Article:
To volunteer as a Bennu mapper, visit: Bennu.cosmoquest.org

See The ISS Fly-Over

Want to see the International Space Station fly overhead? I know many readers look every now and then, however if you have never tried, give it a try. Just check when it will be visible and go out and have a look, providing you have clear skies that is.

NASA’s “Spot The Station“.

I usually look at Heavens-Above and have done so for years with great success.

A View of Los Angeles

From a CubeSat! This particular CubeSat is a planet hunter too.

NASA: A small satellite designed to hunt for new planets beyond the solar system recently looked down at Earth to capture an image of California’s “City of Stars.”

The greater Los Angeles area stands out in these images from ASTERIA, the Arcsecond Space Telescope Enabling Research in Astrophysics, a satellite not much larger than a briefcase. ASTERIA is a CubeSat, or a small satellite composed of cubic units that measure 10 centimeters (4.5 inches) on each side. This particular CubeSat is made up of six units.

The images, taken March 29, reveal a massive grid of illuminated city streets and freeways. A bright spot near the center of the first image marks the location of Dodger Stadium. (The Dodgers played the Arizona Diamondbacks at home that night.) To the northeast, near the darkness of the San Gabriel Mountains, is NASA’s Jet Propulsion Laboratory in Pasadena, California, which built and operates ASTERIA, and the nearby Rose Bowl Stadium. The close-cropped image shows a region of about 43.5 square miles (70 square kilometers), with a resolution of about 100 feet (30 meters) per pixel.

Lots of orbiting small satellites can take higher-quality pictures of Earth than this one. But ASTERIA is the only CubeSat in orbit that can also look for exoplanets, or planets orbiting stars other than our Sun. Its primary mission objective was to demonstrate precision-pointing technology in a small satellite.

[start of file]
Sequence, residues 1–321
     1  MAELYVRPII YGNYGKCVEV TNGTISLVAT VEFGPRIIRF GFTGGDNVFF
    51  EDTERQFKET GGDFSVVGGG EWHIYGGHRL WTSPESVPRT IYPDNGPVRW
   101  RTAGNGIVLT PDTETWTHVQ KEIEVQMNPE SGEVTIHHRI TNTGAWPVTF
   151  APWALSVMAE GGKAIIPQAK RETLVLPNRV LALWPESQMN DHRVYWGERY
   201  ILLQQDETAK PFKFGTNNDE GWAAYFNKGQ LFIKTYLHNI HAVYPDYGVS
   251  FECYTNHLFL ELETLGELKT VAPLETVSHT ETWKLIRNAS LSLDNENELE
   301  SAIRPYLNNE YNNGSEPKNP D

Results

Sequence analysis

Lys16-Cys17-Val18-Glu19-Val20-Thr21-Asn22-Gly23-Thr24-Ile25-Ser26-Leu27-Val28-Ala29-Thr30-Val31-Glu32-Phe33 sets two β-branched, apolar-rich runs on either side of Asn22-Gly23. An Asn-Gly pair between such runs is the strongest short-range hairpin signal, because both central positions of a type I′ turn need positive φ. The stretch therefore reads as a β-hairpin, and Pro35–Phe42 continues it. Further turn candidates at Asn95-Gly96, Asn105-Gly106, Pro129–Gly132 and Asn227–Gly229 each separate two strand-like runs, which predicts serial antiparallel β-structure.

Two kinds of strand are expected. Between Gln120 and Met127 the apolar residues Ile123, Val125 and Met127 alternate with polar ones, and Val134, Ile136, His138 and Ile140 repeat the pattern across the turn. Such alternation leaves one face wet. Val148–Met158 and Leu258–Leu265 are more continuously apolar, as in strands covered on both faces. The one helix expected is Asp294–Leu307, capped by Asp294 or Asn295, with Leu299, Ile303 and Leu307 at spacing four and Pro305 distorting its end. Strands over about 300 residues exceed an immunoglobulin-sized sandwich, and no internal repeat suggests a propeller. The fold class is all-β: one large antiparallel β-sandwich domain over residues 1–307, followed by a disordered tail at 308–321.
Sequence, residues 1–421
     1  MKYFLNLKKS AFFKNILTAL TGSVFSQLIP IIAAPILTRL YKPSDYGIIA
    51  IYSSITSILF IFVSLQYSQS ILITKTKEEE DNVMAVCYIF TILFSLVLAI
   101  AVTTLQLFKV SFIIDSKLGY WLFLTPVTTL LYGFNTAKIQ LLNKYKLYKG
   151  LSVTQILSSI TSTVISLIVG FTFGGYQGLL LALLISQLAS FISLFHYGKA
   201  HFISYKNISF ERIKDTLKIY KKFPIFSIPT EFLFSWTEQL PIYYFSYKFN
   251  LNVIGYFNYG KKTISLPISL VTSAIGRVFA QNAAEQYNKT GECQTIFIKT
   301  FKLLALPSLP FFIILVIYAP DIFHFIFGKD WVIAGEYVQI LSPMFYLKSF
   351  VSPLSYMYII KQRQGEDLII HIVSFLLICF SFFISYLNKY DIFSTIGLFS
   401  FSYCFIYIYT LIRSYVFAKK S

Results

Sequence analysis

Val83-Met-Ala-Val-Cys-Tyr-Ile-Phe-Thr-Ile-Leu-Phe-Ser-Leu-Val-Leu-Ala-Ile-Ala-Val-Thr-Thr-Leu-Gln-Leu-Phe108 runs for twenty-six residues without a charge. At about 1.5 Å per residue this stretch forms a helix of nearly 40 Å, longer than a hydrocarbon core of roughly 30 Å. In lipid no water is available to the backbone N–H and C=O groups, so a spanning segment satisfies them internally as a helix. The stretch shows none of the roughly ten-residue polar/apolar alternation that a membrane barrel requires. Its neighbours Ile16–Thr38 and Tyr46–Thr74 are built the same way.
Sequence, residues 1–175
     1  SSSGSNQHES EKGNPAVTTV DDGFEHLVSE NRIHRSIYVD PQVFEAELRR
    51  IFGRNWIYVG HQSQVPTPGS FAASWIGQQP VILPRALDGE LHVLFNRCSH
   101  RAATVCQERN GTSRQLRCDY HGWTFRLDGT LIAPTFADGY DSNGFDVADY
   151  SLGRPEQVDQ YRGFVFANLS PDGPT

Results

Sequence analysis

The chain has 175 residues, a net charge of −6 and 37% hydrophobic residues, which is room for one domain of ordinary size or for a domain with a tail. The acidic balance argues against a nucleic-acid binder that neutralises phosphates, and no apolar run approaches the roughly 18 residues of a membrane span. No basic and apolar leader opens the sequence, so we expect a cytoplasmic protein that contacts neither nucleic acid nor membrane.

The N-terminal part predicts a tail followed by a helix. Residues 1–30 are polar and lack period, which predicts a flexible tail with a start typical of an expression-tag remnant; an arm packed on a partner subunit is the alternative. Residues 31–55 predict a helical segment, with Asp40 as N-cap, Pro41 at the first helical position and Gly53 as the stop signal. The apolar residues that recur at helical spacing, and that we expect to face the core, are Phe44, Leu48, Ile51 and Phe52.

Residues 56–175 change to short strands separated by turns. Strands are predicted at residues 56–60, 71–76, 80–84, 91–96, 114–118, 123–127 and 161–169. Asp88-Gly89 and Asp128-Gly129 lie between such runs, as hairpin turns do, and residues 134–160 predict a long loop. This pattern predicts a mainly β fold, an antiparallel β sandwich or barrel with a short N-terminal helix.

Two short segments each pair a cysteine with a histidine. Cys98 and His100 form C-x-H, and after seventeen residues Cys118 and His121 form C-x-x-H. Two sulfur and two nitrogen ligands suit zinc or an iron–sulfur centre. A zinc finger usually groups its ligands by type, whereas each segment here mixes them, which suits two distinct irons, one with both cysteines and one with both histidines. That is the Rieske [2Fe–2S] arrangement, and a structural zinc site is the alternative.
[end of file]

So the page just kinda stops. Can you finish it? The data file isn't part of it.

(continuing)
Electrical Test Engineer Esha Murty (left) and Integration and Test Lead Cody Colley (right) prepare the ASTERIA spacecraft for mass properties measurements in April 2017 prior to spacecraft delivery.
Credits: NASA/JPL-Caltech

ASTERIA was developed under the Phaeton Program at JPL. Phaeton provided early-career hires, under the guidance of experienced mentors, with the challenges of a flight project. The mission is a collaboration with the Massachusetts Institute of Technology (MIT) in Cambridge. Sara Seager, a professor of planetary science and physics at MIT, is the mission’s principal investigator.

Galactic Hit-and-Run

Spectacular!

Hubble et al.: The irregular galaxy NGC 4485 shows all the signs of having been involved in a hit-and-run accident with a bypassing galaxy. Rather than destroying the galaxy, the chance encounter is spawning a new generation of stars, and presumably planets.

The right side of the galaxy is ablaze with star formation, shown in the plethora of young blue stars and star-incubating pinkish nebulas. The left side, however, looks intact. It contains hints of the galaxy’s previous spiral structure, which, at one time, was undergoing normal galactic evolution.

The larger culprit galaxy, NGC 4490, is off the bottom of the frame. The two galaxies sideswiped each other millions of years ago and are now 24,000 light-years apart. The gravitational tug-of-war between them created rippling patches of higher-density gas and dust within both galaxies. This activity triggered a flurry of star formation.

This galaxy is a nearby example of the kind of cosmic bumper-car activity that was more common billions of years ago when the universe was smaller and galaxies were closer together.

NGC 4485 lies 25 million light-years away in the northern constellation Canes Venatici (the Hunting Dogs).

This new image, captured by Hubble’s Wide Field Camera 3 (WFC3), provides further insight into the complexities of galaxy evolution.

The Hubble Space Telescope is a project of international cooperation between NASA and ESA (European Space Agency). NASA’s Goddard Space Flight Center in Greenbelt, Maryland, manages the telescope. The Space Telescope Science Institute (STScI) in Baltimore, Maryland, conducts Hubble science operations. STScI is operated for NASA by the Association of Universities for Research in Astronomy in Washington, D.C.

Text credit: Space Telescope Science Institute
Image credit: NASA, ESA; acknowledgment: T. Roberts (Durham University, UK), D. Calzetti (University of Massachusetts) and the LEGUS Team, R. Tully (University of Hawaii) and R. Chandar (University of Toledo)

Space X Launch Postponed

What no launch? There has been a delay not for weather but for “software updates”.

It appears the new launch date is a week away at this point. So here is a video with Elon Musk showing the 60 satellites which are just part of the planned 800 for the network.